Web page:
VirtualBox 5 – it remains a useful tool rather than a replacement…

virtualboxVirtualBox 5 is out of a somewhat short beta and its essence seems to have not really changed. It’s still a great tool but no Hyper-V / BootCamp / Parallels replacement….

In brief if you’ve used it before then you will see five new features. All of which are good.

  1. Paravirtualization Support for Windows and Linux Guests: Significantly improves guest OS performance by leveraging built-in virtualization support on operating systems such as Oracle Linux 7 and Microsoft Windows 7 and newer.
  2. Improved CPU Utilization: Exposes a broader set of CPU instructions to the guest OS, enabling applications to make use of the latest hardware instruction sets for maximum performance.
  3. Support of USB 3.0 Devices: Guest operating systems can directly recognize USB 3.0 devices and operate at full 3.0 speeds. The guest OS can be configured to support USB 1.1, 2.0, and 3.0.
  4. Bi-Directional Drag and Drop Support for Windows: On all host platforms, Windows, Linux and Oracle Solaris guests now support “drag and drop” of content between the host and the guest. The drag and drop feature transparently allows copying or opening of files, directories, and more.
  5. Disk Image Encryption: Data can be encrypted on virtual hard disk images transparently during runtime, using the industry standard AES algorithm with up to 256 bit data encryption keys (DEK). This helps ensure data is secure and encrypted at all times, whether the VM is sitting unused on a developer’s machine or server, or actively in use.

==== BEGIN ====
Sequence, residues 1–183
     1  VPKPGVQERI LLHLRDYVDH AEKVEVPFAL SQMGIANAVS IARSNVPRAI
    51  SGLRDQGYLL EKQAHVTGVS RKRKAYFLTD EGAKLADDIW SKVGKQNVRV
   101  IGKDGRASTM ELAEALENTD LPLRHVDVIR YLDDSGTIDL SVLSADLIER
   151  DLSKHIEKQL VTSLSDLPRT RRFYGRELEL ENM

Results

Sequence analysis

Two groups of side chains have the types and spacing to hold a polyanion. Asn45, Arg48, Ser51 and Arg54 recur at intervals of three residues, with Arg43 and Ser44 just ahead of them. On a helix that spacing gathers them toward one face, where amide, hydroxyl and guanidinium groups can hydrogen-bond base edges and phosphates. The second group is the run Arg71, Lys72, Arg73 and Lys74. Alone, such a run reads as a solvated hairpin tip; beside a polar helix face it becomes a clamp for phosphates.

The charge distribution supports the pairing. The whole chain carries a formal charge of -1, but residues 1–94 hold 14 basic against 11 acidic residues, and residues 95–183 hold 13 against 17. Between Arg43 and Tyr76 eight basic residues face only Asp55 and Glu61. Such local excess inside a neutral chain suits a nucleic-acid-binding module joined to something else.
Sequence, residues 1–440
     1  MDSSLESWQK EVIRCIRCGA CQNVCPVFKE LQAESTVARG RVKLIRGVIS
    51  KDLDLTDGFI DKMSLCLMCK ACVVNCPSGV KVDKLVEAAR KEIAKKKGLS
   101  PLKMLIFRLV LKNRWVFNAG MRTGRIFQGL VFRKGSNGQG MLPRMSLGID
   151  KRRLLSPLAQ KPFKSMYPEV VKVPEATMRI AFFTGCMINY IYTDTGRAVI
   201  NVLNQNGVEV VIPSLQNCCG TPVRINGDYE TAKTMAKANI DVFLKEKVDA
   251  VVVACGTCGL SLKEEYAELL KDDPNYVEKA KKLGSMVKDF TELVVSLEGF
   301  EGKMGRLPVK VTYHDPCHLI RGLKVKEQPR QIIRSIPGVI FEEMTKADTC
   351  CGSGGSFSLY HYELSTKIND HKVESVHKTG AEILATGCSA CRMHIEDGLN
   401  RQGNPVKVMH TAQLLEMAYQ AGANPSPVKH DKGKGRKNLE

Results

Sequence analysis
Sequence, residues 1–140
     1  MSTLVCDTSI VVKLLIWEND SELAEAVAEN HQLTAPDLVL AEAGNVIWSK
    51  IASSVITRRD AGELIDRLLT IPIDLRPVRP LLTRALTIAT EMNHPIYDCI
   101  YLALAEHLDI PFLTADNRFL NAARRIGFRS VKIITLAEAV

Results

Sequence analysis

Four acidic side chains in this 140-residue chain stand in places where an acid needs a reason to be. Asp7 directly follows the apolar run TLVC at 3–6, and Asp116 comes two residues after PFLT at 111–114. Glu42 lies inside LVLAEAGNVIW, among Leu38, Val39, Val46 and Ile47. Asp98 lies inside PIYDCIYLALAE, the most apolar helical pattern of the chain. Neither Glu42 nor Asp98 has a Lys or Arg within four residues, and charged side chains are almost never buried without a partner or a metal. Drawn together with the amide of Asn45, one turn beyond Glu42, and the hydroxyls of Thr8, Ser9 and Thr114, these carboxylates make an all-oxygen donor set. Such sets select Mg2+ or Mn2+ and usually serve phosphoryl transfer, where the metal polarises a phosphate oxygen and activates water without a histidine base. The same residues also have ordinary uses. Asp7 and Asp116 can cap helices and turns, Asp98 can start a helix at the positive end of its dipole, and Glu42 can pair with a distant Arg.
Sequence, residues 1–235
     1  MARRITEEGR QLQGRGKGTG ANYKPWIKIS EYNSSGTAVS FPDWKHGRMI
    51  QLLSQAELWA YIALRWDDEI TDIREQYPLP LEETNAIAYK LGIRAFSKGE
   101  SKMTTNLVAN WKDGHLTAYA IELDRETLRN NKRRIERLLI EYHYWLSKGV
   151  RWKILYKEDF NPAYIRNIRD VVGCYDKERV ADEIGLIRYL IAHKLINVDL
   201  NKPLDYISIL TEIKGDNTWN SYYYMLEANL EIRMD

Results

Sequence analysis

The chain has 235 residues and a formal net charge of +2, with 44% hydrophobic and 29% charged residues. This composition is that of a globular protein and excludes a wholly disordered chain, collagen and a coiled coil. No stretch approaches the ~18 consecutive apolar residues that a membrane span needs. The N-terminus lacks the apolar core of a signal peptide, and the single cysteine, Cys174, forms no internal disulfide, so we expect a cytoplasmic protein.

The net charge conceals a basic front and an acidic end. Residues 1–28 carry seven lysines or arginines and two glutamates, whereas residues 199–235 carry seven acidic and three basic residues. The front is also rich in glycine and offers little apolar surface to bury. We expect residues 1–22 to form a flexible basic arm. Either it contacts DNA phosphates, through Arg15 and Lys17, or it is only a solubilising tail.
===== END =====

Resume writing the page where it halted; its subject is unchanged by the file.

Useful links:

Virtualbox: the ‘correct’ way to clone machines.

I recently had to clone a virtual machine and did my usual copy and paste. Not the best idea. Virtualbox, my preferred virtualization solution, definitely did not like that approach as each machine image has its own uuid which is stored in the actual image… The right way to do it is with the clonehd tool. That said, if the uuid is ‘in’ the file in theory it should be editable and when I have time I intend to test that theory out.

The actual steps to clone a machine on a windows (concept is the same for FreeBSD and OS X) host are as follows.

  1. Open a Command Prompt window on the host machine.
  2. Change to the VirtualBox VDI directory (you do know where your images are…? and you know what spindle contention is…?)
  3. Run the VBoxManage command with clonevdi command option. The following example shows the creation of a copy of Server_2008.vdi named Server_2008_Base.vdi.


“C:Program FilesSunxVM VirtualBoxVBoxManage.exe” clonevdi “Server_2008.vdi”
Server_2008_Base.vdi”


Which then produces a not very informative dialogue box…

VirtualBox Command Line Management Interface Version 2.0.4 (C) 2005-2008 Sun Microsystems, Inc. All rights reserved.

0%…10%…20%…30%…40%…50%…60%…70%…80%…90%…100%

And that’s it.

VirtualBox 3.1

Monday was a good day for VirtuaBox. With the 3.1 release, live migration and radically improved snapshot abilities amongst others confirm my confidence in this solution to which I migrated all my virtual machines to this year. I chose VirtualBox as my new preferred standard as it was simple, unbloated, and multiplatform.

Live Migration aka Teleportation in VirtualBox allows one to move virtualized guest environments from one physical computer to another while the guest environment is still running. Minor for desktop users, major for data centers as it allows on the fly physical resource workload management. Right now it is limited as:

  1. It is only invokable via the command line
  2. Disk images must reside on shared storage
  3. Identical VM configurations must exist at source and destination
  4. Intel to AMD chipset moves are a bad idea

Snapshots now supports branching. A massive convenience indeed…

Download the latest versionhere: http://www.virtualbox.org/wiki/Downloads